Delhi government on Monday lifted its ban on Uber, and allowed web-based cab aggregator services like it to ply in the Capital if they abide by new rules. The new guidelines are a part of the revised Radio Taxi Scheme 2006 issued by the Department of transport of the Delhi government. However, in doing so, the state government wants Uber and its ilk to shed their business model and become Radio Taxis themselves, which defeats the whole purpose of innovation. Also Read - FIR filed against Twitter India again, now over child pornography contentAlso Read - Mi Notebook Pro X to be Xiaomi's most expensive laptop yet, launch tomorrow
Here are some of the rules that Uber will have to follow in order to resume operations in Delhi, which would make it shed its USP. Also Read - Ola to offer free oxygen concentrators to the needy
The licensee shall maintain a minimum fleet of 200 Radio Taxis either owned or through an agreement with individual taxi permits holders. According to the new rules, Uber would have to add 50 taxis within the first month of receiving the license, 100 within three months and 200 within six months.
Now Uber doesn’t own any cabs. It is the technology provider that matches passengers with available cabs on its network. While Uber should hold some responsibility of the background verifications of drivers and security of passengers, asking Uber to have a regular fleet of taxis is not its business model.
Uber enables drivers to get on its network but doesn’t control when they are available. It does provide incentives to drivers to be available but it is not a regular taxi fleet.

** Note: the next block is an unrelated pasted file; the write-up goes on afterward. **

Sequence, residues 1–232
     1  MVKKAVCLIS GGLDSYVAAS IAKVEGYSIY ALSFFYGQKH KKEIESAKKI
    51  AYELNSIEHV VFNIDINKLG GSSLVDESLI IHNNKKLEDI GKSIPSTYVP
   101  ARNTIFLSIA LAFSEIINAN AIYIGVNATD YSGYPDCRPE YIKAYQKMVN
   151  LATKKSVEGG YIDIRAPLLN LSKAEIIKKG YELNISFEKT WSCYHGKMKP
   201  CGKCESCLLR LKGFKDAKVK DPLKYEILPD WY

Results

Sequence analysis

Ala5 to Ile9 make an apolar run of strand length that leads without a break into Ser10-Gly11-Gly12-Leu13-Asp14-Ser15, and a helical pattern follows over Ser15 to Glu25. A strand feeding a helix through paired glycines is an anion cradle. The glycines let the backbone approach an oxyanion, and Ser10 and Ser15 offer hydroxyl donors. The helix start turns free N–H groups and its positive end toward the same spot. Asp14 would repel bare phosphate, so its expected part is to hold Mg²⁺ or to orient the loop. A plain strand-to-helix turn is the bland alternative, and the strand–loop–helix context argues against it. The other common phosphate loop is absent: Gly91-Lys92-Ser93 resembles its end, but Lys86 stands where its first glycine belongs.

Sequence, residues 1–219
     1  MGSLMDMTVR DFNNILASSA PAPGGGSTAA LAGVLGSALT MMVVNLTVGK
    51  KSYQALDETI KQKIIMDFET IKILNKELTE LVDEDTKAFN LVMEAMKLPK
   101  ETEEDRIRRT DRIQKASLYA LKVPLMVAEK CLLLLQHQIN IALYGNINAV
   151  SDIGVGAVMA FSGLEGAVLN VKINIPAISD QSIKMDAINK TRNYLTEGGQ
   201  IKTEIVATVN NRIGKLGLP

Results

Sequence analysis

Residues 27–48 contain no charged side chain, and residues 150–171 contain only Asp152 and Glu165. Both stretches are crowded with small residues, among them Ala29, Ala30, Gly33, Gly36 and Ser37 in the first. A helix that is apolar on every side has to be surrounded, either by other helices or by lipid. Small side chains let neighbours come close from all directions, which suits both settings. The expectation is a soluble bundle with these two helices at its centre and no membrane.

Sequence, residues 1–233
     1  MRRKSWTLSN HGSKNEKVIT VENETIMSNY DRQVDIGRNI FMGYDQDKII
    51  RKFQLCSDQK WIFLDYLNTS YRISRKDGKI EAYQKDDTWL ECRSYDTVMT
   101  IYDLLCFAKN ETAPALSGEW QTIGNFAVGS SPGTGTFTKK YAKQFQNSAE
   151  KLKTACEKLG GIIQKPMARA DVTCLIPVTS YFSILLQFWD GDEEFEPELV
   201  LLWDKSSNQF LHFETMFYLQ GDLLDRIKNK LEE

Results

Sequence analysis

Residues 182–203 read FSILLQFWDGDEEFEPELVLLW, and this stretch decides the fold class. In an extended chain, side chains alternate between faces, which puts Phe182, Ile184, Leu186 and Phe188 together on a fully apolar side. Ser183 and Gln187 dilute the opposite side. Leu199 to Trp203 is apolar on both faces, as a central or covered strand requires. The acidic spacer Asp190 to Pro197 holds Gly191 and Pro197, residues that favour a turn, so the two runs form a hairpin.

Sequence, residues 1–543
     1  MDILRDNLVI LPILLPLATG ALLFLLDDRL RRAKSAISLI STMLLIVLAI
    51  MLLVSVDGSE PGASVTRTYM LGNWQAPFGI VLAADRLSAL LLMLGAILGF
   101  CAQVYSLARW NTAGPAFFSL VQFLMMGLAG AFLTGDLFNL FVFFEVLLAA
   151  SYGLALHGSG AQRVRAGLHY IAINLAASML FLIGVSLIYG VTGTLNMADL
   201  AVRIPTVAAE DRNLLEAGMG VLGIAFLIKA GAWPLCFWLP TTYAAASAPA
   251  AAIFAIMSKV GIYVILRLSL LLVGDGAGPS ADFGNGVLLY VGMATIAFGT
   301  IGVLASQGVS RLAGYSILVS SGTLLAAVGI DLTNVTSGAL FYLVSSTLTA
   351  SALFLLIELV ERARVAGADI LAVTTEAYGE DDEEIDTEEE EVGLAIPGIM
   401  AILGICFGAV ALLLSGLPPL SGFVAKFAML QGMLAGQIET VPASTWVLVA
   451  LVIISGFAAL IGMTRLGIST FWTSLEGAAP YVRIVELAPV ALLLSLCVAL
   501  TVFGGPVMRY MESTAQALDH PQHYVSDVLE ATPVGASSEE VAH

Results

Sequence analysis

The licensee shall ensure that each Radio Taxi is equipped with temperature control device in proper working order and is fitted with working electronic digital fare meter on the front panel (dashboard). A LCD display panel visible from both front and rear should be installed on the roof of the Radio Taxi to indicate that the vehicle is a Radio Taxi and whether it is available (green indicator) or occupied (red indicator). The dimensions of the LCD display panel shall conform to those prescribed by the State Transport Authority from time to time.
One of Uber’s USPs is it doesn’t have the look and feel of a taxi. It looks like a regular car but has a commercial number to signify it is a commercial and not a personal vehicle. However, the Delhi government wants Uber cabs to look and feel as a taxi service that’s operated by Uber.
The licensee shall ensure that at the end of every journey, a bill is generated and handed over to the passenger showing the distance traveled, unit rate, along with taxes.
The biggest benefit of Uber is that you step into a car from your pick up point and get out of it at your destination without having to deal with paper bills or money. Everything is taken care of and hassle free. However, with this rule, that won’t be the case anymore.
Fare system as approved by the Transport Department shall be displayed inside the Radio Taxi.
Uber has its own fare system and it offers various discount schemes as well as surge pricing when the demand is higher than the supply. Uber charges 20 percent as its commission and transfers the rest to the driver. However, with this rule in place, Uber won’t be able to have its own fare system.
What this means is that in order for cab aggregator services like Uber and others to ply in Delhi, they will have to follow the same rules like traditional Radio Taxis, which leaves little room to maneuver. The only thing the revised Radio Taxi Scheme of 2006 has done is added the functionality where Radio Taxi companies can now have apps and mimic the technology that Uber pioneered. It leaves no option for Uber but to leave its business model and follow a Radio Taxi model in order to operate in Delhi.
Not surprisingly, Uber isn t quite happy with the kind of guidelines it is being asked to follow. These regulations don’t work for tech companies like Uber,” a spokesman told Reuters. You tell me if trying to force fit existing regulations for “radio taxis” to a disruptive technology company makes sense?
Uber has however pledged that it is stepping up its security measures in India. These new measures include a team verifying driver documents, setting up a dedicated customer support center, and lastly, an enhanced ShareMyEta button feature that will provide trip details like GPS coordinates, driver photo, name, vehicle license number to passengers loved ones.